- Shi Tao, a Chinese journalist currently serving a 10-year jail term for revealing his government’s orders to newspapers to censor their reporting of the Tiananmen Square massacre anniversary, has won the World Association of Newspapers’ distinguished Golden Pen of freedom. WAN is currently holding its congress in Cape Town.
Mr Tao's arrest and imprisonment came about after the American search engine company Yahoo supplied vital information to the Chinese authorities.
The 38-year-old journalist's mother, Gao Qinsheng, took the risk and flew to Cape Town to receive the award.
"Even today, most Chinese know nothing about what happened that day.
The Communist regime continues to prevent the Chinese media from talking
And writing about it openly and honestly and will go to great lengths to silence any such revelations and to severely punish those who make them," George Brock, President of the World Editors Forum, who presented the award, says.
"Shi Tao, whom we are honouring here today, has learned this to his own great cost. He revealed what the state did not want known and he pays the price in prison today."
In her sombre speech, Mrs Qinsheng, said has been "a direct victim of the shackles of press freedom."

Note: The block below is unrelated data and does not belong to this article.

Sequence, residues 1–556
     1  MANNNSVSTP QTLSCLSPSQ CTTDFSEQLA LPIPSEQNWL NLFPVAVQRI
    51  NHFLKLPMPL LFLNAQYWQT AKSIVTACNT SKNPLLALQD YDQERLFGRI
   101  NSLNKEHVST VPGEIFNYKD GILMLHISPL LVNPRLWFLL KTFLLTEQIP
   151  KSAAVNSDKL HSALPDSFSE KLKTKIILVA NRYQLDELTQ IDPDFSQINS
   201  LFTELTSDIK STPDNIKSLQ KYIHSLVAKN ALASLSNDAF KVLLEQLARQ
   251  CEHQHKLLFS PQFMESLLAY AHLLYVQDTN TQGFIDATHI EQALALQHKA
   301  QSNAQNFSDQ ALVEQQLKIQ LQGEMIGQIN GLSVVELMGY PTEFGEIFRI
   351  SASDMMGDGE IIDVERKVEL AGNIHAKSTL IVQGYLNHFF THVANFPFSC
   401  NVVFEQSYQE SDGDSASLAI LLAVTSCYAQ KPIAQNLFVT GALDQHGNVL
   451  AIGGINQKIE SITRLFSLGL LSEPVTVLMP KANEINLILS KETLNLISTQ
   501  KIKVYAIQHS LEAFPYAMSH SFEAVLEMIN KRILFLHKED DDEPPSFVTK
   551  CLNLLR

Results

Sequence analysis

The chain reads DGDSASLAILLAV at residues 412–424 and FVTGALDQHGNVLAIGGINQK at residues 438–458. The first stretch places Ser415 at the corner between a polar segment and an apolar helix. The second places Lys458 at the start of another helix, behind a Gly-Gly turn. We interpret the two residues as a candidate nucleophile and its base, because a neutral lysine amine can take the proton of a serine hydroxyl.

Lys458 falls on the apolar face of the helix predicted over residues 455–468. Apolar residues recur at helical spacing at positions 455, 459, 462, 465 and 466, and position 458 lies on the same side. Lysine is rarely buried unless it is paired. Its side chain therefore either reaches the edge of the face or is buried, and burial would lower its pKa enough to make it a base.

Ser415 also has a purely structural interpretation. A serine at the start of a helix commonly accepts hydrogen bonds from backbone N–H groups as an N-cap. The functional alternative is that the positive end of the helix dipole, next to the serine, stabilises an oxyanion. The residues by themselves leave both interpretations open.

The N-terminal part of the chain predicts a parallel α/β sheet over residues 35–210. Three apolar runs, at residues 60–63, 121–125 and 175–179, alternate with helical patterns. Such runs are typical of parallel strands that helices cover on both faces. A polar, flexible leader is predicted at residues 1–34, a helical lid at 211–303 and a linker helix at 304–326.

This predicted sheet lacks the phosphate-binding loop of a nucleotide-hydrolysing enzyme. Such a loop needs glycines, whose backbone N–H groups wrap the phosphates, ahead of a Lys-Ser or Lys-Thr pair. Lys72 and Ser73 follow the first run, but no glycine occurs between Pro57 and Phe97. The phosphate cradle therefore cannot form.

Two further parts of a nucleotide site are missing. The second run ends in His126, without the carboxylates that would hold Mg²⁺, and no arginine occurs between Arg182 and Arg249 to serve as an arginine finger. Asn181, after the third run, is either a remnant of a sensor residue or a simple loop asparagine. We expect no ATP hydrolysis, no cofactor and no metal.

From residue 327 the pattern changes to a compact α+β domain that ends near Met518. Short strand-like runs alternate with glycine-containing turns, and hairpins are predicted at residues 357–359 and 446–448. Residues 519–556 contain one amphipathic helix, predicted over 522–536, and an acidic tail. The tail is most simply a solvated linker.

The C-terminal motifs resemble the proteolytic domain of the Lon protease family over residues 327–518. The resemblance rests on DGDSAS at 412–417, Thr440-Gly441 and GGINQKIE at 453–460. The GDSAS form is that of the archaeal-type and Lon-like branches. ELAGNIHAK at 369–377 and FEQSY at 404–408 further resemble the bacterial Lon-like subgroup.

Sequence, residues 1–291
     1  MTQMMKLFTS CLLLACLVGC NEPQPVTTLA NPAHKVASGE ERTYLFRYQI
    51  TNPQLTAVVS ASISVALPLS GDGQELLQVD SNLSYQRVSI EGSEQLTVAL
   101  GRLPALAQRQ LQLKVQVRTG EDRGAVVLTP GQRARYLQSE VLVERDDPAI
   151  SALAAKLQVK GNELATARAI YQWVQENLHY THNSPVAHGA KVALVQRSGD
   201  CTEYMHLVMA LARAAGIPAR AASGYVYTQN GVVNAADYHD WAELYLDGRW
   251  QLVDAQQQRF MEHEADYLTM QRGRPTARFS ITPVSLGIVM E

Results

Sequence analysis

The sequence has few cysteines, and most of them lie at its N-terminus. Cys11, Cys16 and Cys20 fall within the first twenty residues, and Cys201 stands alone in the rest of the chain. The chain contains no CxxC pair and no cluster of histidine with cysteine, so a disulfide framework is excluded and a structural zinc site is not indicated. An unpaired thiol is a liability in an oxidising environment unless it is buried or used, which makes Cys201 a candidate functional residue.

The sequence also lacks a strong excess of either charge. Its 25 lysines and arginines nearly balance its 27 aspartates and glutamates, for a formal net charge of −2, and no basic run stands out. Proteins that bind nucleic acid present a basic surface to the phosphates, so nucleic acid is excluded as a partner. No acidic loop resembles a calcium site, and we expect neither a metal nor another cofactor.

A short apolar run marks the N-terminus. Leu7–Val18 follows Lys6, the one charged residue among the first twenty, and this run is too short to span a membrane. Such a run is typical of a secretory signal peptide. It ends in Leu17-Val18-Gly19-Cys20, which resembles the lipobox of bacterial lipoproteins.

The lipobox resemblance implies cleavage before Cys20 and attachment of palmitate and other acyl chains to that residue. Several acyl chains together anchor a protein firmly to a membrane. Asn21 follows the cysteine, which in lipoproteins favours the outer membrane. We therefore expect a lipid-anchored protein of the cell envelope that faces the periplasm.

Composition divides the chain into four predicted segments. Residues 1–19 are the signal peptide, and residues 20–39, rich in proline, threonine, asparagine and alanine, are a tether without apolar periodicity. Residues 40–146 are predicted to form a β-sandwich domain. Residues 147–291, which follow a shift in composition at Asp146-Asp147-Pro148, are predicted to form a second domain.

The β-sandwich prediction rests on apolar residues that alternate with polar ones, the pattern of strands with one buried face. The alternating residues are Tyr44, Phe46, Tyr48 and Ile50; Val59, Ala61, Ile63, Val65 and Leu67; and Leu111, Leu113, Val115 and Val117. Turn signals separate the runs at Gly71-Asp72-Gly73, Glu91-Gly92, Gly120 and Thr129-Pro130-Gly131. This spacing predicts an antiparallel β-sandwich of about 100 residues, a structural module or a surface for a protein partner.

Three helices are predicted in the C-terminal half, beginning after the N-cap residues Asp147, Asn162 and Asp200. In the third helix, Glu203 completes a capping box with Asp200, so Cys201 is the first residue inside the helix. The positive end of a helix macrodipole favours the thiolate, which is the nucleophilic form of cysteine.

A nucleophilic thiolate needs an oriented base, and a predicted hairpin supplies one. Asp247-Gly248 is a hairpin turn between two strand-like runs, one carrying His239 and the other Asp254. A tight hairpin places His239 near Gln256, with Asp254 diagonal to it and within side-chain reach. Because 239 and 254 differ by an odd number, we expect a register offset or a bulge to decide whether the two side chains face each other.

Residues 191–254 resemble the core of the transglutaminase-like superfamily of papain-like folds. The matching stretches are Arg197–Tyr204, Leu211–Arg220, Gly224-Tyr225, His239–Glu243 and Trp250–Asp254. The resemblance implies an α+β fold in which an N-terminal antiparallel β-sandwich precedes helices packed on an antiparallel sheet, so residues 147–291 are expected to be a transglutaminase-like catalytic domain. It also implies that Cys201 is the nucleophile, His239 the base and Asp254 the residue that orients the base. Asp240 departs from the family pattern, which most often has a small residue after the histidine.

She however said the award is a clear proof that her “son is indeed innocent. He has only done what a courageous journalist should do. That is why he has got the support and the sympathy from his colleagues all over the world, who uphold justice, the colleagues who have been concerned about Shi Tao who has lost his freedom, been locked up in prison."
The award ceremony is among the cream of events of WAN conference in Cape Town.
China has so far proven to be the biggest jail for journalists in the world. But WAN said its next campaign will be around how to win the release of Mr Shi and dozens of other journalists and cyber-dissidents in the country’s jails. There will be news coverage on the issues ahead of the Beijing Olympics next year.
Mr Shi was convicted for "leaking state secrets" by writing an e-mail about media restrictions in the run-up to the 15th anniversary of the Tiananmen Square massacre in 2004. The e-mail was picked up by several overseas internet portals - and also by Chinese authorities, with the assistance of Yahoo. The internet service provider gave state security authorities information that allowed them to trace the message to a computer he used at the newspaper where he worked, the Dangdai Shang Bao.
"How the Chinese authorities traced this e-mail, and discovered that
Shi Tao was the author, is a cautionary tale with widespread implications for on-line privacy, and for the way that western communications companies do business in their understandably difficult dealings with repressive regimes," said Mr Brock.
"While those who do business around the globe must often deal with non-democratic countries, we believe that new media companies that provide more and more of the means for global communications have a special responsibility" he said. "They have an obligation to ensure that the basic human rights of their users will be protected, and they must carefully guard against becoming accomplices in repression."
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